Audi's Michael Perschke: Look At India As The Glass That Is Half Full, Not Half Empty

Michael Perschke, managing director of Audi India, shares a few insights on what expatriates should expect in India

Published: Mar 30, 2012
Audi's Michael Perschke: Look At India As The Glass That Is Half Full, Not Half Empty
Image: Vikas Khot

Michael Perschke
Age:
44
Designation: Managing Director, Audi India
Education: International education in business administration and economics from Germany
and London
Career: Took over as head of Audi India in July 2010. Spent 3 years in India from 1997-2000 as general manager at Mercedes Benz
Interests: Skiing and mountain biking

After having accumulated more than five years of experience in two different stints and in two different locations, I think the best way to come to India is not to expect anything. The minute you say, ‘I have expectations’, I think you will—I don’t want to say disappointed—but it cannot be met because whatever you think when you are not in India will not be met when you are here the first time.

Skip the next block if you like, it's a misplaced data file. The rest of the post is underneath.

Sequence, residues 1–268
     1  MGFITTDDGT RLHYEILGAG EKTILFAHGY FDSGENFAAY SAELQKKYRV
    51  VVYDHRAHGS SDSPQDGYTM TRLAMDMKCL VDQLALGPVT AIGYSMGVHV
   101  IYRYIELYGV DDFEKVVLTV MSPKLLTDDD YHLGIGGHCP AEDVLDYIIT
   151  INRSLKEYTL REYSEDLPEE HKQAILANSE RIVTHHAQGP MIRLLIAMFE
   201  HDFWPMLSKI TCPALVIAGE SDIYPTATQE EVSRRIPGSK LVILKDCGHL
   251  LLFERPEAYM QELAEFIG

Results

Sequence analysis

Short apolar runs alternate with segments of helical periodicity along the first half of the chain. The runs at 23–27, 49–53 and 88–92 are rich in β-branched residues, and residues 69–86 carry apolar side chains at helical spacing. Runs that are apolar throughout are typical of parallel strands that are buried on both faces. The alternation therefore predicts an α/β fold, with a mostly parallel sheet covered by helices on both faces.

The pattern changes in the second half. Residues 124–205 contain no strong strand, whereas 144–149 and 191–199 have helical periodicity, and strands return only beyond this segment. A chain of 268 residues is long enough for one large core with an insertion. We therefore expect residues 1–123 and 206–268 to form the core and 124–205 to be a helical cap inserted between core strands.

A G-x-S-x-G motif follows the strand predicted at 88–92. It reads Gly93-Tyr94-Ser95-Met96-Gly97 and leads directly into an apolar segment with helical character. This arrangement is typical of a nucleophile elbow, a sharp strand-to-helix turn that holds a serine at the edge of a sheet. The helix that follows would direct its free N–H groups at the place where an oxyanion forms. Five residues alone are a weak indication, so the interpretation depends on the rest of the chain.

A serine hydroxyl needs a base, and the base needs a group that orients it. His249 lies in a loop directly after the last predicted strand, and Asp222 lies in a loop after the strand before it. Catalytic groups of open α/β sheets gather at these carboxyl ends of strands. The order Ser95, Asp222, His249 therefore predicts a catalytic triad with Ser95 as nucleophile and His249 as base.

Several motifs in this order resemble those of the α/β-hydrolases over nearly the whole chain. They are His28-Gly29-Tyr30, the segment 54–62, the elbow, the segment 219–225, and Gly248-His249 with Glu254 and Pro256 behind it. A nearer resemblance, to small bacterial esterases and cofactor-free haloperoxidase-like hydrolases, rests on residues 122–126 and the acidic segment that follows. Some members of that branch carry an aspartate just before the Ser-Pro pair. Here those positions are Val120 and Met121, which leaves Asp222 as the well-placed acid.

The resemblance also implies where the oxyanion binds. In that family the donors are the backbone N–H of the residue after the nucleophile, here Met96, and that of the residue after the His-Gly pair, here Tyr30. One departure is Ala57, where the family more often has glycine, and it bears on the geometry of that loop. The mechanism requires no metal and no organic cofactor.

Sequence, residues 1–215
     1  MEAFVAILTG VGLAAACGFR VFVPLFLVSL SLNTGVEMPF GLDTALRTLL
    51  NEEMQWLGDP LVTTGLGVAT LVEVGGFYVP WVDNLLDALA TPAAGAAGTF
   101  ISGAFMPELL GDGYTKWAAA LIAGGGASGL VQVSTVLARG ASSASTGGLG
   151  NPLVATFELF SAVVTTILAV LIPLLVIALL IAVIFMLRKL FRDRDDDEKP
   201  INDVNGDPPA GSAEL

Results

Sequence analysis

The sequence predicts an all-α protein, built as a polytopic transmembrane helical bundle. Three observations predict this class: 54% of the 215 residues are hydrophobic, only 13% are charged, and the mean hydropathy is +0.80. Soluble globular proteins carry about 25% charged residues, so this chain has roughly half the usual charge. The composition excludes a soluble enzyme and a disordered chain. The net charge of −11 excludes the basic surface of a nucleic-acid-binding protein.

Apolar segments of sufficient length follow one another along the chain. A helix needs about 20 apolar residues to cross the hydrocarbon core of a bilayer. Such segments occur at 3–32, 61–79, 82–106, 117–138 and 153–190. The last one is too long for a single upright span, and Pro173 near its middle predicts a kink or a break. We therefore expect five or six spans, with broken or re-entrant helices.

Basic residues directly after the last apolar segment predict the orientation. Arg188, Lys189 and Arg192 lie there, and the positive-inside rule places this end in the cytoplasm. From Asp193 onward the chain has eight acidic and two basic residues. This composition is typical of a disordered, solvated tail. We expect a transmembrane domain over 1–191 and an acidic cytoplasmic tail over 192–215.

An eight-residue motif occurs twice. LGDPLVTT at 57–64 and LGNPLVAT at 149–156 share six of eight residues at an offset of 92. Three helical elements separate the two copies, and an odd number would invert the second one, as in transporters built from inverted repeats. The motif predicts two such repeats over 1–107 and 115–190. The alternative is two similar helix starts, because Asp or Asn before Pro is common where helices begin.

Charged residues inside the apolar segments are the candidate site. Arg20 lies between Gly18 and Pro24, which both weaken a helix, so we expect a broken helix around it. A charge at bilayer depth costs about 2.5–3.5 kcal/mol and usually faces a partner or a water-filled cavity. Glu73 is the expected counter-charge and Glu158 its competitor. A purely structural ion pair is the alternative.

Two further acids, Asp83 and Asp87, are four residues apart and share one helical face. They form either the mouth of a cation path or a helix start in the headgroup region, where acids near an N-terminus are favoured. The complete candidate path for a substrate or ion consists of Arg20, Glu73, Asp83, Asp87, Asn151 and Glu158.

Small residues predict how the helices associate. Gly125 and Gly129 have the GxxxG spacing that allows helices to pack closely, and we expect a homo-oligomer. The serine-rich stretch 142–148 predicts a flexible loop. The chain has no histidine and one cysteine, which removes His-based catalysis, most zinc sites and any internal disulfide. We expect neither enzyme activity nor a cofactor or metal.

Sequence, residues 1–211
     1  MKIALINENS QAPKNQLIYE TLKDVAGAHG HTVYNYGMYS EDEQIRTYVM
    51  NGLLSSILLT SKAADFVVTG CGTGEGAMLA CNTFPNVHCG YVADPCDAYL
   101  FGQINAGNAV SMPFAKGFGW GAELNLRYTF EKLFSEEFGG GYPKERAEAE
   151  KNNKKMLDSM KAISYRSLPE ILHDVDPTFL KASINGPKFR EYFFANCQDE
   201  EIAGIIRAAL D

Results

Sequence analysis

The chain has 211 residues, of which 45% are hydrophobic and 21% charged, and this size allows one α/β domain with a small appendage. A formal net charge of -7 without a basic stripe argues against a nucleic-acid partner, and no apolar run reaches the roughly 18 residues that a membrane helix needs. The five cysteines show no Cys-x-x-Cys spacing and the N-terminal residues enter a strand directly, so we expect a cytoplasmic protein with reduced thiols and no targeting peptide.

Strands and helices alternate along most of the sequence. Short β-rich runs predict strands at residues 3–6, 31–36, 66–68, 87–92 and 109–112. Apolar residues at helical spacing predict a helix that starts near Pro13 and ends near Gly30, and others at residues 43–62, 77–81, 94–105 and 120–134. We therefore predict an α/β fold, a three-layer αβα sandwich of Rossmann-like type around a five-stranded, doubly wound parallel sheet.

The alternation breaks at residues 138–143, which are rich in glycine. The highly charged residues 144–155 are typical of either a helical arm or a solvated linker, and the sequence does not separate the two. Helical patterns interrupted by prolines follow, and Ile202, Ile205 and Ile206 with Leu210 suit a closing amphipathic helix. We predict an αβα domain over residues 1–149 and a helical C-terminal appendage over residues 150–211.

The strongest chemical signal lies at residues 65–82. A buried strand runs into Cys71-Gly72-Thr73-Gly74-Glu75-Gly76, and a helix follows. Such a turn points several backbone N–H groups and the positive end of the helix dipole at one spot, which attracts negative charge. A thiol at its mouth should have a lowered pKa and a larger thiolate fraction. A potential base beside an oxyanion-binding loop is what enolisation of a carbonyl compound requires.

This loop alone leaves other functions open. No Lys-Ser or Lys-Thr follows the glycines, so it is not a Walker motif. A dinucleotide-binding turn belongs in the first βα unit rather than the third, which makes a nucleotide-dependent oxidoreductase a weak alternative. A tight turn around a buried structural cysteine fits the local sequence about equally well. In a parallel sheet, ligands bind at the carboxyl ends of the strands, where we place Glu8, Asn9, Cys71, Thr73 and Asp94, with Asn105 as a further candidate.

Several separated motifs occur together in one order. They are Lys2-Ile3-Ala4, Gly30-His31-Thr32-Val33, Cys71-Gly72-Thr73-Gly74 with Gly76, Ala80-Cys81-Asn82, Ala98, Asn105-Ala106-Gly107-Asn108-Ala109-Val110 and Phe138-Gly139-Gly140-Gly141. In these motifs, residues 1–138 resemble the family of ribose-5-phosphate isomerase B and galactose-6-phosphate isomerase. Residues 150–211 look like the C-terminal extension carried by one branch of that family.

How do I explain to somebody how India smells? You can’t unless you have gone to a herb market in Jaipur or [experienced] the traffic in Mumbai where there are scooters, motorcycles, rickshaws and a little bit of sea breeze…it is too complex. Everybody who comes here should have a clean piece of paper or clean mind. Whatever will be described to you, your experience will show otherwise. You can’t compare India to anything that is in the Western world today. People say, maybe it is like Istanbul. Ah! Istanbul and India are two different planets. Is it like Cairo? No.